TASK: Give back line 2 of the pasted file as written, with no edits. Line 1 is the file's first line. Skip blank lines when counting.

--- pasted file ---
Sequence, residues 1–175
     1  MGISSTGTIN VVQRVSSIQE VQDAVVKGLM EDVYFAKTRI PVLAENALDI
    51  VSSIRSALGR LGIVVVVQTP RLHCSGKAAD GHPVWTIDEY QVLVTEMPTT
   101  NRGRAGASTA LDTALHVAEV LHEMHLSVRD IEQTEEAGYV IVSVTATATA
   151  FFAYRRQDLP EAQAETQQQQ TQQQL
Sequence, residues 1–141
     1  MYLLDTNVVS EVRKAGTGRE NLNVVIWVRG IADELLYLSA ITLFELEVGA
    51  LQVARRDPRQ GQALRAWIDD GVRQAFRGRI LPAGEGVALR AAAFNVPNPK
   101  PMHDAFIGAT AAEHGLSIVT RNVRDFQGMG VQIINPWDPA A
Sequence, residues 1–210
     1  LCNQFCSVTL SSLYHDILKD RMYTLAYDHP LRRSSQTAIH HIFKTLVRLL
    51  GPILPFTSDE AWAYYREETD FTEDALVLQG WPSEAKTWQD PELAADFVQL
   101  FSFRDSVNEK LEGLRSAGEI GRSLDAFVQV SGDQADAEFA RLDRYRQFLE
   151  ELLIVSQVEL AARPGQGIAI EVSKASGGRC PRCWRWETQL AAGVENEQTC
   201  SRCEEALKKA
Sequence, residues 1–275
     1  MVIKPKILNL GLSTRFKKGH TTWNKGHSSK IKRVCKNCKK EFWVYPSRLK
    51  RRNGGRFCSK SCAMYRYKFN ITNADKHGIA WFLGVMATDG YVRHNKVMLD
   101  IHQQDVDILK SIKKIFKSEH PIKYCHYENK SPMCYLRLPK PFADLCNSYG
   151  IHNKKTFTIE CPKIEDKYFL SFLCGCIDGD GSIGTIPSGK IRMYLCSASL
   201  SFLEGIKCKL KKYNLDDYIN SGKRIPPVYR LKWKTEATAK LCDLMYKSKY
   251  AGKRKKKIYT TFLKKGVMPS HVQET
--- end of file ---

     1  MGISSTGTIN VVQRVSSIQE VQDAVVKGLM EDVYFAKTRI PVLAENALDI